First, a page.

see what you could buy in 2002 and what you can put in your cart now

It seems like yesterday, but it’s already gone two decades since the note of R$ 20 it was launched. Since then, in addition to the look of the banknote — redesigned in 2012 — a lot has changed, especially what you can buy at that price.

If updated by inflation, which erodes the purchasing power of Brazilians, the ballot Golden Lion tamarin it should be valid today BRL 69according to the Broad National Consumer Price Index (IPCA).

In 2002, the minimum wage rose from R$180 to R$200. The R$20, therefore, represented 10% of the income of those who earned the national minimum wage. Now, the value is equivalent to 1.65% of the current R$ 1,212.

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Data from the Brazilian Geography and Statistics Index (IBGE) also show that, in these 20 years, the supermarket trolley just got 360% more expensiveand the shopping list paid at that time with R$ 20 was dwindling.

— Purchasing power has shrunk a lot. Accumulated inflation is 254% based on the IPCA and, as a result, the reality of prices has drastically changed. It’s as if we multiplied the price of products by four. The R$20 note buys much less in the face of such high inflation. In real terms, if we divide it by the accumulated inflation, it is as if it bought something equivalent to R$ 5.65 today — calculates André Braz, economist at the Getulio Vargas Foundation (FGV).

what was it possible to buy

One ballot release day supermarket insert — on June 27, 2002 — showed that with R$ 20 it was possible to buy 1 kg of rump or sirloin, 5 kg of rice, 1 kg of beans, 1 kg of sugar, 500 g of coffee, a can of powdered milk, a 1 kg package of powdered soap, a soap and a 500ml detergent. There was still R$ 0.06 left over.

Already in this week’s booklet from the same supermarket chain, it is possible to buy just 500g of coffee and a bottle of detergent, or a pack of 5 kg of rice and another of 1 kg of sugar — in this case, still completing R$ 0.94.

Also according to the leaflet of the time, a 500g package of chocolate milk cost BRL 2.37. With R$20, it was possible to buy almost ten units. Since then, the same brand has reduced the can, today with 370g, sold for R$ 7.19. The consumer would not be able to buy three units.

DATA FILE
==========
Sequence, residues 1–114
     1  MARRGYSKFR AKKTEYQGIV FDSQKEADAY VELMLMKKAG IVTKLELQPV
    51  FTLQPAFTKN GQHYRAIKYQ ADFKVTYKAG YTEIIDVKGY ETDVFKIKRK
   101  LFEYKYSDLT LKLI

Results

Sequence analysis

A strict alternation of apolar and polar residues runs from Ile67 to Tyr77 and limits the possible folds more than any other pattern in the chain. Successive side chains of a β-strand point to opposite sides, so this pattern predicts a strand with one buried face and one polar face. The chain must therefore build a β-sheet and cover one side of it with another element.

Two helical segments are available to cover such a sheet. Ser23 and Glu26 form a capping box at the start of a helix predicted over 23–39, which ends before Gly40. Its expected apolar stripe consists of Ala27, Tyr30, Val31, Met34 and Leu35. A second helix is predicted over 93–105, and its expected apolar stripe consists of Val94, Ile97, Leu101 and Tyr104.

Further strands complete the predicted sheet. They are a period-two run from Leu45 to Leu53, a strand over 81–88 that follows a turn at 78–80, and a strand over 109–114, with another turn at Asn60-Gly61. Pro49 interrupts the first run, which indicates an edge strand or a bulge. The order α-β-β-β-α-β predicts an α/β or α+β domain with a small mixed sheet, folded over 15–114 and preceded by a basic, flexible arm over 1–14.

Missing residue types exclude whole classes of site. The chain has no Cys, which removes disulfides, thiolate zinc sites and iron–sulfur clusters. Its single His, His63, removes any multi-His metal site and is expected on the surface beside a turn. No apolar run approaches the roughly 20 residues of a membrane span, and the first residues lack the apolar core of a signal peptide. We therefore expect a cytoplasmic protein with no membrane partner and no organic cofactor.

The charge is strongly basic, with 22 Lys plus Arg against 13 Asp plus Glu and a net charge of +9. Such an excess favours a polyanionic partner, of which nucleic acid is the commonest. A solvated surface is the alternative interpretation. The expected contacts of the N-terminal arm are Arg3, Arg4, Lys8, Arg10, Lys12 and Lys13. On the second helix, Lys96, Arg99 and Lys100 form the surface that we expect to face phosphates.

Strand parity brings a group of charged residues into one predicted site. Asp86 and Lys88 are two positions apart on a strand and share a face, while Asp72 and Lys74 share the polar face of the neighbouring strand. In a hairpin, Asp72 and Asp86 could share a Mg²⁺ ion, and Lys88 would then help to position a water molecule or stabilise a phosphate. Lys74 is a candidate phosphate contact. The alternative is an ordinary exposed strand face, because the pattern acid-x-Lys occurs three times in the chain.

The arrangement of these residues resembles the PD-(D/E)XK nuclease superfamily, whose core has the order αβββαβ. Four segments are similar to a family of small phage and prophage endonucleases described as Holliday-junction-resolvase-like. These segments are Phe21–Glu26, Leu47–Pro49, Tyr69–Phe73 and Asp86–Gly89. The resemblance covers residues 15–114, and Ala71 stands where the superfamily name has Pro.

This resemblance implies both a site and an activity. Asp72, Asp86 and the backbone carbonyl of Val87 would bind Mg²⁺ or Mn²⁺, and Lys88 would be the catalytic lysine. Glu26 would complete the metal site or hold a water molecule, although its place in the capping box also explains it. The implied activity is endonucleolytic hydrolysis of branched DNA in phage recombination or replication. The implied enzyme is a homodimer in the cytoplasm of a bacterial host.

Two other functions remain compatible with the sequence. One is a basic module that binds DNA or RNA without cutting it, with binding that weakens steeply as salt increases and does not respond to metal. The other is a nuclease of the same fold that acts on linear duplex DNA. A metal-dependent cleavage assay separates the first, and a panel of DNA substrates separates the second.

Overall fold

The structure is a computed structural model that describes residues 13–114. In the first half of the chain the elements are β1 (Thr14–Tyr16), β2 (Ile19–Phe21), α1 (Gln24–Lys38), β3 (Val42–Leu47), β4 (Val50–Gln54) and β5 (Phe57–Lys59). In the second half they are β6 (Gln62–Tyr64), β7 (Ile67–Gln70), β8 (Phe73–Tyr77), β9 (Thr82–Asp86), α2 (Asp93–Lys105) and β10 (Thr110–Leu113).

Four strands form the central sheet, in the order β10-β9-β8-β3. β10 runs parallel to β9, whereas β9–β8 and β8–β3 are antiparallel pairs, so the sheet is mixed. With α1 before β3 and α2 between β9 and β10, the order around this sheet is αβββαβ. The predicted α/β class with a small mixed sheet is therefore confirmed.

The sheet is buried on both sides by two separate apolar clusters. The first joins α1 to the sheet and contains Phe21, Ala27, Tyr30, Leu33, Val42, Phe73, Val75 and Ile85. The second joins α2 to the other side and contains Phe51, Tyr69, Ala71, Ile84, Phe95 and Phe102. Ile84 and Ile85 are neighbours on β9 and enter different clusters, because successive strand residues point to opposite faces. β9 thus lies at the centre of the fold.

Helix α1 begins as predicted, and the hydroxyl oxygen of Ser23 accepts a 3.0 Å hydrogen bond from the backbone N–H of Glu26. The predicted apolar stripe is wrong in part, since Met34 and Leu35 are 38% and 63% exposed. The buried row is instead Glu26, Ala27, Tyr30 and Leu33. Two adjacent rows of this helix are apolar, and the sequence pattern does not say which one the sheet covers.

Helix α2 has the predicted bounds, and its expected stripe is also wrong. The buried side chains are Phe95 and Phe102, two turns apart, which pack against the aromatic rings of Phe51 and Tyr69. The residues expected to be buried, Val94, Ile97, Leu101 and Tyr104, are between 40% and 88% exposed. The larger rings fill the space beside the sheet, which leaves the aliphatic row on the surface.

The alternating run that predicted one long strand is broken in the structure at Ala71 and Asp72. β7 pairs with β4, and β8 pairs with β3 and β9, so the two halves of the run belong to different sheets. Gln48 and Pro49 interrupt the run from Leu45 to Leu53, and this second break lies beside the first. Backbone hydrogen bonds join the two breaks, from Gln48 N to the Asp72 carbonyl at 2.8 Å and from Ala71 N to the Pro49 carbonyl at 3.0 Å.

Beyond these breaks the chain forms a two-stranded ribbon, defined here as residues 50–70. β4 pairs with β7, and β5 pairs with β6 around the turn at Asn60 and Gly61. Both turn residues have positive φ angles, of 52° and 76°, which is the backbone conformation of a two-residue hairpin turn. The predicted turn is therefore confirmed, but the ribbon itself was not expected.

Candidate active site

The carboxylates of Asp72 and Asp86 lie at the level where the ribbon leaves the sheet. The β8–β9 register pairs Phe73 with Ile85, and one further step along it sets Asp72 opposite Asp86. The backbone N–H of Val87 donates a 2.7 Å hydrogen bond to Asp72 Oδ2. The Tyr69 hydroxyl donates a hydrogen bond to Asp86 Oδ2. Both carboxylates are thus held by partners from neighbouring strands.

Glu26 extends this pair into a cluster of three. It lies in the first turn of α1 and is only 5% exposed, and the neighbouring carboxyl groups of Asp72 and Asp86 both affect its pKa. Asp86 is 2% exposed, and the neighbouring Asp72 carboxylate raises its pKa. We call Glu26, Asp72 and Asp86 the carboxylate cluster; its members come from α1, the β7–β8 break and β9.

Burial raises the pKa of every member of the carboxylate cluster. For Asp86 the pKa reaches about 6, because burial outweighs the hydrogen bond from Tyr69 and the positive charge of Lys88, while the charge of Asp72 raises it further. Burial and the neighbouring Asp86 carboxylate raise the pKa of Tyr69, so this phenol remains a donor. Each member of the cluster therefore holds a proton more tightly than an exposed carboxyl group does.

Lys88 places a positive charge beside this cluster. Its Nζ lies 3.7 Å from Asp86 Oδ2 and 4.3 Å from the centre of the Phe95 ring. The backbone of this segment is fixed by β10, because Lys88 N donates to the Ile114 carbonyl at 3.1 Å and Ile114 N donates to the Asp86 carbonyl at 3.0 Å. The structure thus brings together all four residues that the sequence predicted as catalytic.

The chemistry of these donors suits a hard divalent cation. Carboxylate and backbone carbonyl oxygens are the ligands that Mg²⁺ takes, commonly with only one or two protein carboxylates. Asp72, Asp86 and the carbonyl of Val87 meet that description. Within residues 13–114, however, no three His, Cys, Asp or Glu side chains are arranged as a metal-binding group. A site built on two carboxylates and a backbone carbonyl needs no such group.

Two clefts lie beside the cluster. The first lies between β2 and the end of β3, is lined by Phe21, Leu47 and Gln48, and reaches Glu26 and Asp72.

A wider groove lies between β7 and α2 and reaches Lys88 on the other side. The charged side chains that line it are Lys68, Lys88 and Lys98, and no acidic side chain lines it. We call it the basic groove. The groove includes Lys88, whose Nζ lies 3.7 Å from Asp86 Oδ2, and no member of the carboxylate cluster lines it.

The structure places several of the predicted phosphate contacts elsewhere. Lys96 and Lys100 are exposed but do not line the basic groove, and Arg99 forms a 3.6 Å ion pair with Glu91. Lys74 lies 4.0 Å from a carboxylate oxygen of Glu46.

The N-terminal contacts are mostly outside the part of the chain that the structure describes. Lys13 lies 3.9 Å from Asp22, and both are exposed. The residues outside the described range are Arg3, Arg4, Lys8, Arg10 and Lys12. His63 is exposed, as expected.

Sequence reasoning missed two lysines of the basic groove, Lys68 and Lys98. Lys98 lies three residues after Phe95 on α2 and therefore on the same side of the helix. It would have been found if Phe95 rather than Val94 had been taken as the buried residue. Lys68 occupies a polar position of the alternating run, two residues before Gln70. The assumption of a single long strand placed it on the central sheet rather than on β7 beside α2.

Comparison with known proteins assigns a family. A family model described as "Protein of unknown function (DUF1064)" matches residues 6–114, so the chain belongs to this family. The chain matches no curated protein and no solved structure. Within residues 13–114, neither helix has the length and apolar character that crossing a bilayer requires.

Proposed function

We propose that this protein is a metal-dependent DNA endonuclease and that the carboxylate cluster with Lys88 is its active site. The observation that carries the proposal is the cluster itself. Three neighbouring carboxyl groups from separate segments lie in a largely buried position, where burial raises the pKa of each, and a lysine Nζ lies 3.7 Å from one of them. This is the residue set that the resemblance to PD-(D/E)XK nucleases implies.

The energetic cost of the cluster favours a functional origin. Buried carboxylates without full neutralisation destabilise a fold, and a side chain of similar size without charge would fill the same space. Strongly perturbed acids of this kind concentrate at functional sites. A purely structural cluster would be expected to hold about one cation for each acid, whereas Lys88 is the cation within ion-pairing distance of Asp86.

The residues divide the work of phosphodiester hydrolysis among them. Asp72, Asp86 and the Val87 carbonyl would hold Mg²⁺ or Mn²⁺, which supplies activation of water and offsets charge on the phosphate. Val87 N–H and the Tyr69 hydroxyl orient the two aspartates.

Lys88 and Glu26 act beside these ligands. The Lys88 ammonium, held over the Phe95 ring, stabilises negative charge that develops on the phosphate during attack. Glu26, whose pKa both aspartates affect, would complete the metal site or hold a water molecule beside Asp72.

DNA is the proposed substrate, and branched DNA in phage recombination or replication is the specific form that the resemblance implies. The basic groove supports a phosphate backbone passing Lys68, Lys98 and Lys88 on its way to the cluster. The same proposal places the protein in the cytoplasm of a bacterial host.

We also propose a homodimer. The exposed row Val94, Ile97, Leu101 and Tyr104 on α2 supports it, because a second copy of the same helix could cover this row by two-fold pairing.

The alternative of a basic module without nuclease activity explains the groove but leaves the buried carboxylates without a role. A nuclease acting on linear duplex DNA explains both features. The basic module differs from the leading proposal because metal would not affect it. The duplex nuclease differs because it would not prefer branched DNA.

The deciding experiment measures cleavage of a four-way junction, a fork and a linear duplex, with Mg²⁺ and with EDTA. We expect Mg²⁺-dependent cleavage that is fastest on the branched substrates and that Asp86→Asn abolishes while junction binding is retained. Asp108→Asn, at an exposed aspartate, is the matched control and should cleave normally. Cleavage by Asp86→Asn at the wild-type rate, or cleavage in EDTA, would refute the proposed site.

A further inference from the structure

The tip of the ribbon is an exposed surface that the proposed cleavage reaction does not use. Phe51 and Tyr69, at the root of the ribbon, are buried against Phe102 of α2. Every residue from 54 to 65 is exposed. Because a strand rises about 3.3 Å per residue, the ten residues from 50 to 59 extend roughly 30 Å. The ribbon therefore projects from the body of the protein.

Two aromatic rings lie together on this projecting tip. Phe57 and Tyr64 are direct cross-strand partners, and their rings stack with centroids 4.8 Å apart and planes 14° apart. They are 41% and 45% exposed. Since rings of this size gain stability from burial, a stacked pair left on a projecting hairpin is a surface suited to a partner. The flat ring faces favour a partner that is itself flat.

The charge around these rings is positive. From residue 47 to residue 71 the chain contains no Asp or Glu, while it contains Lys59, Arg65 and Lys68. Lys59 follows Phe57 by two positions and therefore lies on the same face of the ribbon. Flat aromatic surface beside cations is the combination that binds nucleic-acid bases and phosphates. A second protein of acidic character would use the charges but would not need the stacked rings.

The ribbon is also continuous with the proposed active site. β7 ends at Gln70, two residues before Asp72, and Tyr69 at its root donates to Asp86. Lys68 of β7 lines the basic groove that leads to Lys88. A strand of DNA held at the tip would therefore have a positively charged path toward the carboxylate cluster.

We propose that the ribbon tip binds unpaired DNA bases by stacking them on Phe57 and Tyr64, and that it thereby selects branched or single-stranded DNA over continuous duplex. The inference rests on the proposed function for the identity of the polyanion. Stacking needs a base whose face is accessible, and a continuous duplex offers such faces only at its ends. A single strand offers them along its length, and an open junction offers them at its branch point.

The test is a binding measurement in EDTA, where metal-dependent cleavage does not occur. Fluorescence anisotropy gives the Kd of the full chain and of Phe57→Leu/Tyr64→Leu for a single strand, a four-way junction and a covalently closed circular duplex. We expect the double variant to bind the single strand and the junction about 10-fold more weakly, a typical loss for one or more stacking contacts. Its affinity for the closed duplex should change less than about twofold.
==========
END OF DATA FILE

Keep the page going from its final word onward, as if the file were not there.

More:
A can of olive oil of 500ml cost R$ 4.56 in 2002. Thus, a bill of R$ 20 paid for four units. Today, a 400ml bottle costs R$ 17.98.

the kilo of little filet (sassami) chicken, which at the time went for R$ 4.39, today it sells for R$ 11.98, considering the cheapest brand. With just over R$ 20, therefore, it is possible to buy just two packages (paying a few extra change), quite different from the almost five that could be taken in 2002.

Year of Penta

The R$20 note was the last to be released in the so-called first Real family, and it took 18 years for another note to come into circulation: the R$200 note, launched in 2020. In the meantime, in addition to the remodeling of the notes , which started to have different sizes and new security devices, the R$ 1 note was suspended.

In the week the ballot was released, the men’s soccer team was looking to win the fifth World Cup, held in Japan and South Korea. To watch the matches, many families and friends gathered during the morning or late at night, due to the time difference.

But when the celebration for the victories of Luiz Felipe Scolari’s team extended, the barbecue was guaranteed — and just barely.

In the week of winning the Penta, the same supermarket chain sold a kilo of rump and sirloin for R$ 4.49. Today, the value in the same network is R$ 34.98 or R$ 36.98.

The Tuscan sausage was sold 20 years ago for R$2.29 a kilo, and the chicken heart tray went for R$4.55. A 350ml can of beer from a popular brand, now sold for R$2.89 at the same place, used to cost R$0.59. The bottle of soda went for R$ 1.28, R$ 4.71 less than the current R$ 5.99.

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Braz explains that, in addition to the 360% accumulated increase in food for home consumption, meats had an even greater increase:

— The meat rose more than the average rise. Brazil is exporting more, and the commodities that are part of the production are more expensive. If it were just for the general accumulated inflation, the kilo (of the rump or the sirloin, with the reference price of the quoted supermarket) would be around R$ 16. If we take into account the inflation of food, R$ 21, but still far of the prices we have today,” he says.

Another item whose current price is impressive compared to the old inserts is coffee. The 500g package sold for R$1.88 in 2002. Today, the same brand’s packaging is sold for R$17.48. The product became 70% more expensive in the last 12 months.

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— Last year, we had a very intense cold, which caused a great loss in the sector. It was a super shock. The coffee harvest is bi-annual, which means that the production of a good harvest takes place every two years. So, it is difficult to restore the market and the price to return to normal.